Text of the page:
Less than a decade ago, the Supreme Court found healthcare conditions at CDCR so appalling that, every six days, a person behind bars died from a preventable, iatrogenic disease. The Court attributed this massive failure to deliver anything that could be even remotely called “health care” to overcrowding in prisons, and supported the federal three-judge panel recommendation to release approximately 30,000 prisoners. That has somewhat improved the situation, but even with massive efforts toward a turnaround on the part of the federal receiver, we are still seeing woefully deficient healthcare–interminable lines and wait times, people treated in cages in which they have to wait for hours, “group therapy” consisting of a semicircle of cages.

And that’s without a pandemic going on.

Gov. Newsom, our prisons are a Petri dish for contagion and disease. It is impossible to provide minimal health care to this many people with a highly contagious virus on the loose.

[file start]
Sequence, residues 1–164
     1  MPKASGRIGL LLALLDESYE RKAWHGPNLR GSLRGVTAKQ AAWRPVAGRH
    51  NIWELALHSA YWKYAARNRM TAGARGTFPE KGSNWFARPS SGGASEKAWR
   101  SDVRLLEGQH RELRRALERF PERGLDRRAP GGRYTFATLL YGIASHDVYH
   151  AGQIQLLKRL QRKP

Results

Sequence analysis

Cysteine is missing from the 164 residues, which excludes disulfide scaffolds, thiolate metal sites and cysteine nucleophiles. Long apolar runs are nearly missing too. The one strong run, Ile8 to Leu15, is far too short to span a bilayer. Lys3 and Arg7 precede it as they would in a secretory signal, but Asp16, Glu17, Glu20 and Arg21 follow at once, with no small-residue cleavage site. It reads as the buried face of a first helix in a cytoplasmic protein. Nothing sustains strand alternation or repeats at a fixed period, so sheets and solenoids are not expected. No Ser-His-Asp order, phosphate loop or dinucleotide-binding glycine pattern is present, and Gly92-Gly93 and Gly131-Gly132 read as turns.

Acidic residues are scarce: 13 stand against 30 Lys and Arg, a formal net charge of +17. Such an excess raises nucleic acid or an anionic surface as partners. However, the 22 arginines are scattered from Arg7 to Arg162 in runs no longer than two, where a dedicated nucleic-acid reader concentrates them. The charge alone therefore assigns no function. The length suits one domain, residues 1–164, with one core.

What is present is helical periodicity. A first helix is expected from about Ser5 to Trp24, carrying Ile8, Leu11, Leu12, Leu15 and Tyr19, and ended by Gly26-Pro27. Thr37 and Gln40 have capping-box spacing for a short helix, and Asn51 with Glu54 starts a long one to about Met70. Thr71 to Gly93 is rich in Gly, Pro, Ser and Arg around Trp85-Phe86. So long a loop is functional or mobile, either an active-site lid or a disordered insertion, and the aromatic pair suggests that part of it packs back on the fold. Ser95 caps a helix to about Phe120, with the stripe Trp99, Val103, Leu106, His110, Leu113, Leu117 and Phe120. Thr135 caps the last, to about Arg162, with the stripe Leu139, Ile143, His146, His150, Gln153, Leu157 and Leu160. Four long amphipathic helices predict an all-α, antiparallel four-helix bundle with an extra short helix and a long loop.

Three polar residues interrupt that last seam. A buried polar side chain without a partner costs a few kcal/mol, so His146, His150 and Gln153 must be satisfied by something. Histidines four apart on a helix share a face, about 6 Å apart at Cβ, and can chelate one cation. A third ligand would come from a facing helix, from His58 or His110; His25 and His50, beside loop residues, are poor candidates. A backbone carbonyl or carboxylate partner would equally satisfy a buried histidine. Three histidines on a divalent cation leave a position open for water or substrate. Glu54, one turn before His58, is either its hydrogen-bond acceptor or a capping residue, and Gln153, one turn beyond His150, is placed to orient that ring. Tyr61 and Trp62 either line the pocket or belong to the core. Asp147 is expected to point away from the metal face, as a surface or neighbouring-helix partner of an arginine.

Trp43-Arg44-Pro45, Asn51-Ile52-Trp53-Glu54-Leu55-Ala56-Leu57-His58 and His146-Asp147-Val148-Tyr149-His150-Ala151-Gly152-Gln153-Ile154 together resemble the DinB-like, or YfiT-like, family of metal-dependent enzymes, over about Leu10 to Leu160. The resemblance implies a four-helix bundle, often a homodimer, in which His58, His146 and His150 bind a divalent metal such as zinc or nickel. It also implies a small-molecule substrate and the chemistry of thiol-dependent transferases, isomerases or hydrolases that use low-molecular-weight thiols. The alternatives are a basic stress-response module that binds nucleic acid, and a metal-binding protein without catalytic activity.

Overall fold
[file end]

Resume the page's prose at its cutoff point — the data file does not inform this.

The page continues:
The Public Policy Institute of California, relying on CDCR statistics, reports that 23% of California inmates are 50 or older. Aging prisoners may be contributing to California’s prison health care costs—now highest in the nation. The state spent $19,796 per inmate on health care in fiscal year 2015, according to the Pew Charitable Trusts. These costs were more than three times the national average and 25% more than in 2010. Moreover, many California prisoners serve extremely long sentences: Approximately 33,000 inmates are serving sentences of life or life without parole. Another 7,000 are “third strikers,” fewer than 100 of whom are released annually after serving about 17 years. Fewer than 1,000 of these inmates are released every year, typically after spending two or more decades behind bars.

Isn’t decades in prison enough? How much retribution or deterrence do we still need for people serving sentences of 30, 40, or 50 years, that we must keep them behind bars for longer in the face of a lethal pandemic?

Robust research about aging in prison confirms that people age much faster behind bars than they do on the outside, and they are much more vulnerable to disease–partly because of confinement conditions and partly due to faulty health care.